Dish Network (NASDAQ: DISH) will pay a $225,000 fine and credit $4.25 to an estimated 96,500 eligible customers in Wisconsin, or approximately $635,125 total, for failing to properly communicate rate hikes and the company's cancellation policy.
The fine is part of a legal settlement stemming from a complaint filed in the Dane County Circuit Court that detailed several instances of Dish raising its prices without telling customers that, under certain conditions, they could cancel their service without paying an early termination fee.
Dish did not admit to violating Wisconsin consumer laws, but noted in the settlement agreement that the company appreciates "constructive feedback regarding our communications with our customers. We are pleased to amicably resolve this matter, so that we can continue to focus on providing outstanding customer service and the best value in pay-TV."
As part of the settlement, when it increases prices on its rate plans that are subject to an earlier termination fee, Dish must tell customers all offers that will be affected by the rate hike, the date of the increase and new price, and how to cancel service without paying an early termination fee.
"Wisconsin satellite and cable consumers must be made aware of the option to cancel without penalty when there is a material change to contracted services," said Frank Frassetto, division administrator for trade and consumer protection, according to the Wisconsin State Journal.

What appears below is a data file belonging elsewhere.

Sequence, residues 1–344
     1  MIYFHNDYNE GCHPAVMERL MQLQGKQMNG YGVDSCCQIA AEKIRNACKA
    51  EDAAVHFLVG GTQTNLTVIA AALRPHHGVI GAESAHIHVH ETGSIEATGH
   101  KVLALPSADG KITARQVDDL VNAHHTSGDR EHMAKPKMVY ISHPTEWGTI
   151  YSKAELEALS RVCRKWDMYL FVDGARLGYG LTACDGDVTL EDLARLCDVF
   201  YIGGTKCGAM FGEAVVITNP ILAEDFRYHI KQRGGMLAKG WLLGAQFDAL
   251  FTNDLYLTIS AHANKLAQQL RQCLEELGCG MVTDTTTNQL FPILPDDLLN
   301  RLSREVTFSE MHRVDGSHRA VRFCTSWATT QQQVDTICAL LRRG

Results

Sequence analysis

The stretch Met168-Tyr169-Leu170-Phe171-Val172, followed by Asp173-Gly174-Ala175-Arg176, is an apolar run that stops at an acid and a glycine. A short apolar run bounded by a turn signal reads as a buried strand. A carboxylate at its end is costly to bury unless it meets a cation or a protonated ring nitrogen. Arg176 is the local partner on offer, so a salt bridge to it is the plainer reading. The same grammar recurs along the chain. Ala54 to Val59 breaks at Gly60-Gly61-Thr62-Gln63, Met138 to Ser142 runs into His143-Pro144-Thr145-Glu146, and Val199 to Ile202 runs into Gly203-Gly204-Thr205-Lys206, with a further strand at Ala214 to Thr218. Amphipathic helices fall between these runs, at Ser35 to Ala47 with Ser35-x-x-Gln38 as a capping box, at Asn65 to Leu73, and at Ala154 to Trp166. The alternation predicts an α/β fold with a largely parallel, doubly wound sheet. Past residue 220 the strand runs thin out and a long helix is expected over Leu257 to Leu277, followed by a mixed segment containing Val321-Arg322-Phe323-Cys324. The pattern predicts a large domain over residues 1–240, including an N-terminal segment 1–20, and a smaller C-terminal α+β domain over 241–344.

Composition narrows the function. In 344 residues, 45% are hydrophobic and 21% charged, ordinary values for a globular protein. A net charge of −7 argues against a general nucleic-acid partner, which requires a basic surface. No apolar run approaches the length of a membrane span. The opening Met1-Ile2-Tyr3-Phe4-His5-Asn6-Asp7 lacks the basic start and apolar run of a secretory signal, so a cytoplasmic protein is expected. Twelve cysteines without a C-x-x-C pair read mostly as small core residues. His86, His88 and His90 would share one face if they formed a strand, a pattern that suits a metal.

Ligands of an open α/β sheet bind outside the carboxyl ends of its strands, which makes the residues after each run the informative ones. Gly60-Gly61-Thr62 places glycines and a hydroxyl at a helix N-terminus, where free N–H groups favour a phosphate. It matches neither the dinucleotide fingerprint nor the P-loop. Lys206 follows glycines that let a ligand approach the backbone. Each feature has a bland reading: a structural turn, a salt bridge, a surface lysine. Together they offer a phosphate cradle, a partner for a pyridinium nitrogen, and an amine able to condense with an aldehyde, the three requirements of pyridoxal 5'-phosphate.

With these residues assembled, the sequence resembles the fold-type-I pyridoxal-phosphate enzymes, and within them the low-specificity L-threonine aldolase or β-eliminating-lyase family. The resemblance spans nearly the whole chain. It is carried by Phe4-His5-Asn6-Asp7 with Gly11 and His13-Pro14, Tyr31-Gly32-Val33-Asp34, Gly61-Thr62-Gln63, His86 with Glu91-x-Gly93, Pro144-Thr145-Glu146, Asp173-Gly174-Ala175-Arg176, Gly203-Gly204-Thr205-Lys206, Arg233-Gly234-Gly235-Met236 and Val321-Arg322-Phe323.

Customers impacted by the decision are those that saw one or more price increases on their core programming packages from January 2010 to February 2013 and were subject to early termination fees. Those customers will received the $4.25 bill credit within 60 days.
This isn't the first time Dish has been fined. In 2012, the company was sued by the Federal Trade Commissions for allegedly violating the FTC's telemarketing rules by calling "millions" of consumers on the National Do Not Call Registry. The FTC asked a U.S. District Court in Illinois for a permanent injunction to prevent Dish from breaking its telemarketing rules, in addition to monetary damages that it did not specify.
- see this Wisconsin State Journal article
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